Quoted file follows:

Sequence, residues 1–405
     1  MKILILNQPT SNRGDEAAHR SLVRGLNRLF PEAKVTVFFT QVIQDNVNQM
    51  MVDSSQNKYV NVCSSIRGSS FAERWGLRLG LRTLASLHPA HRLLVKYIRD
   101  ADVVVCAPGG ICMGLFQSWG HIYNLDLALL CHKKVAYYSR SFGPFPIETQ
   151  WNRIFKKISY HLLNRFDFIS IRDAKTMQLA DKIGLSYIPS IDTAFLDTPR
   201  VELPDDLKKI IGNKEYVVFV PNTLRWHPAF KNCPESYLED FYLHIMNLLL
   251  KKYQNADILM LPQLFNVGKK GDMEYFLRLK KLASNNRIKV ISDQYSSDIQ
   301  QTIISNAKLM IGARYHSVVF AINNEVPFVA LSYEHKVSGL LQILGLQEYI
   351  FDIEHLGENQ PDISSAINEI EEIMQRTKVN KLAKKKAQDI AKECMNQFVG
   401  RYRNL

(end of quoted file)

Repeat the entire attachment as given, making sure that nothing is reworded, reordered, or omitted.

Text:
Sequence, residues 1–405
     1  MKILILNQPT SNRGDEAAHR SLVRGLNRLF PEAKVTVFFT QVIQDNVNQM
    51  MVDSSQNKYV NVCSSIRGSS FAERWGLRLG LRTLASLHPA HRLLVKYIRD
   101  ADVVVCAPGG ICMGLFQSWG HIYNLDLALL CHKKVAYYSR SFGPFPIETQ
   151  WNRIFKKISY HLLNRFDFIS IRDAKTMQLA DKIGLSYIPS IDTAFLDTPR
   201  VELPDDLKKI IGNKEYVVFV PNTLRWHPAF KNCPESYLED FYLHIMNLLL
   251  KKYQNADILM LPQLFNVGKK GDMEYFLRLK KLASNNRIKV ISDQYSSDIQ
   301  QTIISNAKLM IGARYHSVVF AINNEVPFVA LSYEHKVSGL LQILGLQEYI
   351  FDIEHLGENQ PDISSAINEI EEIMQRTKVN KLAKKKAQDI AKECMNQFVG
   401  RYRNL